The Senate’s responsibility to advise and consent on a lifetime Supreme Court appointment is one I take extremely seriously. I know from personal experience — as a prosecutor and as a beneficiary of the landmark Brown vs. Board of Education ruling desegregating our nation’s schools — that the decisions handed down by the court touch every aspect of our lives.
The court has the power to do enormous good. In its finest moments, it has lived up to the words engraved above its doors — “Equal Justice Under Law” — and made America more just. It did so in Brown. It has affirmed a woman’s right to make her own health care decisions. It has ruled marriage cannot be denied to anyone because of whom he or she loves. Every time you see a black child graduate from college, or a same-sex couple’s wedding — those are direct consequences of the Supreme Court’s actions.
But the court has, at times, fallen short. This institution that desegregated schools also gutted the Voting Rights Act in 2013, making it harder for communities of color to vote. This institution that enshrined marriage equality empowered corporations to pollute our political system with secret, unaccountable money.
Going forward, whether or not the court upholds justice hangs in the balance — and a new justice will decide its course. For instance, last year, the Supreme Court was just one vote away from devastating the right of teachers to collectively bargain for wages and benefits. With a fifth conservative vote against unions, the court would have harmed millions of middle-class Americans.
The stakes don’t get any higher. Some argue that if a nominee has a stellar legal resume, he or she is qualified to sit on the bench and our job is done. I disagree. As U.S. senators, we have an obligation to also examine a nominee’s legal approach and ask whether he or she considers the impact of those decisions on our society and the daily lives of our people.
President Trump’s nominee, Judge Neil Gorsuch, certainly has a paper resume that would impress legal scholars. But his rulings repeatedly have failed to achieve justice for all Americans.
Take the case of Alphonse Maddin, a trucker who got stuck on the road in sub-zero temperatures and abandoned his cargo to seek help. Because he left his truck, his employer fired him. Maddin sued and seven judges ruled in his favor. Only one — Judge Gorsuch — sided with the company. Luckily, Maddin won his case. But had Gorsuch prevailed, it would have been easier for some employers to fire employees without consequence. Imagine that — being fired for trying to save your life.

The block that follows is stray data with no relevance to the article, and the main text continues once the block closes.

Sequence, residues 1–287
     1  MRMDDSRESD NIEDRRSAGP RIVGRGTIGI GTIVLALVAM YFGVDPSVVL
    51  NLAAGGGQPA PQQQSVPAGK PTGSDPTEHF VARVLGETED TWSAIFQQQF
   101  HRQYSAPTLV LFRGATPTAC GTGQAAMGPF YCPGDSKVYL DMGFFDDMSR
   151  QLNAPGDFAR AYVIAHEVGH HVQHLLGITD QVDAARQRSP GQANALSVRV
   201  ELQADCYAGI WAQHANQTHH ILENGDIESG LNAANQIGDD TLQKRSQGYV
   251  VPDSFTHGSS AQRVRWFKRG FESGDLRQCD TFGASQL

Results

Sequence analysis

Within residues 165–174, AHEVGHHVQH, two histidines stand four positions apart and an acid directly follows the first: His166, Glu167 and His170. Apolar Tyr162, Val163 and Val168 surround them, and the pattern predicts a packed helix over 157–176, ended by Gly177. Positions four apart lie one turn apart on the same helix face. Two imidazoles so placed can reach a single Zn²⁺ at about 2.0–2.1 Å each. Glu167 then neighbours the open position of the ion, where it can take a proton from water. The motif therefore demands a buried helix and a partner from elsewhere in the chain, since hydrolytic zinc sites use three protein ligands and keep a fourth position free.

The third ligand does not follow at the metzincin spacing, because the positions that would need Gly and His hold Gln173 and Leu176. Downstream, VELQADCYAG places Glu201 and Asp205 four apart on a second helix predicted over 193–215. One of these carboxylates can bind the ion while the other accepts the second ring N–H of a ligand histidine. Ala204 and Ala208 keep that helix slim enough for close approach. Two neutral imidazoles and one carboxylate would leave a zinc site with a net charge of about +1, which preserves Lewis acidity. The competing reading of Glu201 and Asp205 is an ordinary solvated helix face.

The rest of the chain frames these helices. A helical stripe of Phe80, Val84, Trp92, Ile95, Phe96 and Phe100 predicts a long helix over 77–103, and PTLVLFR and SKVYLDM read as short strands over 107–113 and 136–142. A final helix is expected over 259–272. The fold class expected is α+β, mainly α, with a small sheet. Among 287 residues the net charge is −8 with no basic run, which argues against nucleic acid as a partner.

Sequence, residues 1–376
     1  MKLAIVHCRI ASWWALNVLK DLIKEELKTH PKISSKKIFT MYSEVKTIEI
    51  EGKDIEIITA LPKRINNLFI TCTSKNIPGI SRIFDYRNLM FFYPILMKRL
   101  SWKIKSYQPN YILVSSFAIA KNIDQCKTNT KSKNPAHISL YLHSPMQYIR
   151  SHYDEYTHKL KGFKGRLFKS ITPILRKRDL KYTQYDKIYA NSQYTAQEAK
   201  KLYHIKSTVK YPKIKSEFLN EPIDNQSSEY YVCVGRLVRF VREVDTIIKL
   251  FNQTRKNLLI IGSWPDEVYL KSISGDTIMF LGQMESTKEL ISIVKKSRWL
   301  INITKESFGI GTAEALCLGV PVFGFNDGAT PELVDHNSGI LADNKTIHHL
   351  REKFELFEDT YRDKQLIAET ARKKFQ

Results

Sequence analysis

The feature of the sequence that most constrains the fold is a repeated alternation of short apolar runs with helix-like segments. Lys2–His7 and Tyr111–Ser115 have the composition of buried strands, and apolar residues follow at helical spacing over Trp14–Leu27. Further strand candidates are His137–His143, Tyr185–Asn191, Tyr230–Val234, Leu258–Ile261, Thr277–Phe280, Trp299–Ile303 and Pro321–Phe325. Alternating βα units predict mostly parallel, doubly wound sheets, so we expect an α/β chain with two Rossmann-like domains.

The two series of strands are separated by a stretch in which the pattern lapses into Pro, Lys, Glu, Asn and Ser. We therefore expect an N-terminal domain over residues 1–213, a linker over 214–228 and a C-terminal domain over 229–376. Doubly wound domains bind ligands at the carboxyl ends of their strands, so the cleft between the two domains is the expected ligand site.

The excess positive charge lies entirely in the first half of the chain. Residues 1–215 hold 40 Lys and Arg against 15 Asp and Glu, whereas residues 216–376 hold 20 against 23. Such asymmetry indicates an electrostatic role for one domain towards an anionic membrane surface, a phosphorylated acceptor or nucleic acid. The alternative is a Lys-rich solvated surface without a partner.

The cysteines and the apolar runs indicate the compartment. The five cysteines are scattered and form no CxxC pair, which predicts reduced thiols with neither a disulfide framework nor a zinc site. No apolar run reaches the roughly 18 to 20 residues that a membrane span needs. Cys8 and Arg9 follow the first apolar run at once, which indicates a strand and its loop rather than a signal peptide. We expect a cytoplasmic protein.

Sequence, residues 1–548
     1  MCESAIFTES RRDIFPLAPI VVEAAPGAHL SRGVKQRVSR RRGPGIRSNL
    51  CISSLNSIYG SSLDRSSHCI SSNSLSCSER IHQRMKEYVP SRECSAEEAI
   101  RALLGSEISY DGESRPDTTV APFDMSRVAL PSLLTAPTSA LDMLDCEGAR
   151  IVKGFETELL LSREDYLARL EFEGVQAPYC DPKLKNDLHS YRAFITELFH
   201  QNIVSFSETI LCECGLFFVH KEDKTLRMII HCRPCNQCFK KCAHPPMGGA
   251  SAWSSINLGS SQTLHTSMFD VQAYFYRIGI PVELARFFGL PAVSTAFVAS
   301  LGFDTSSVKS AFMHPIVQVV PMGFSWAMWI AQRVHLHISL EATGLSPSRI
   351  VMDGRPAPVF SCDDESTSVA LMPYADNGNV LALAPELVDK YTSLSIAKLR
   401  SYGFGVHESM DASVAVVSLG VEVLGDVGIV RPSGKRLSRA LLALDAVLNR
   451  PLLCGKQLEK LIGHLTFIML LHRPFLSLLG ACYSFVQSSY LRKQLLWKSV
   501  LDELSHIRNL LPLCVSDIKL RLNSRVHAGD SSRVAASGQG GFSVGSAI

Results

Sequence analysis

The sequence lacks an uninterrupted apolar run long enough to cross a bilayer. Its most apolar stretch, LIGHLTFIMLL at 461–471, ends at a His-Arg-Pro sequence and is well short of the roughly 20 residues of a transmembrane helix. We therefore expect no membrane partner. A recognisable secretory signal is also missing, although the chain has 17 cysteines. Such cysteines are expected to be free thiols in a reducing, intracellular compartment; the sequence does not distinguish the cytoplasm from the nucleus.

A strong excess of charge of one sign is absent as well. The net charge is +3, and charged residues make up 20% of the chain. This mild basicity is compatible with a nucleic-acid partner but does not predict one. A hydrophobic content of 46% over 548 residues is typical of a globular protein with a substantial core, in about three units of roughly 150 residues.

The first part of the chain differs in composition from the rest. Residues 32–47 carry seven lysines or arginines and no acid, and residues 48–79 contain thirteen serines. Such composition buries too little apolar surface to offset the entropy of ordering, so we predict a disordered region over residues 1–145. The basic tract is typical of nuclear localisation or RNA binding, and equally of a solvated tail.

In another case, a college professor named Grace Hwang was diagnosed with cancer. The university provided her a leave of absence to get treatment, but refused to extend that leave even though her doctor said she needed more time to get well. Judge Gorsuch called the university’s decision “reasonable” and rejected her lawsuit. Grace died last summer and her family recently wrote, “His decision was heartless. It removed the human element from the equation. It did not bring justice.”
The rest of Judge Gorsuch’s record also shows he’s willing to favor corporations over the American people. He believes companies can impose their religious views on employees and deny women birth-control coverage. And he has been hostile toward federal agencies that protect American workers and consumers.
Supreme Court Justice Thurgood Marshall, the civil rights hero who argued Brown and inspired my career, once bluntly defined his judicial philosophy, saying, “You do what you think is right and let the law catch up.” In simple terms, Justice Marshall appreciated that the ultimate goal of the law was justice. By stark contrast, Judge Gorsuch has consistently valued narrow legalisms over real lives. I must do what’s right. I cannot support his nomination.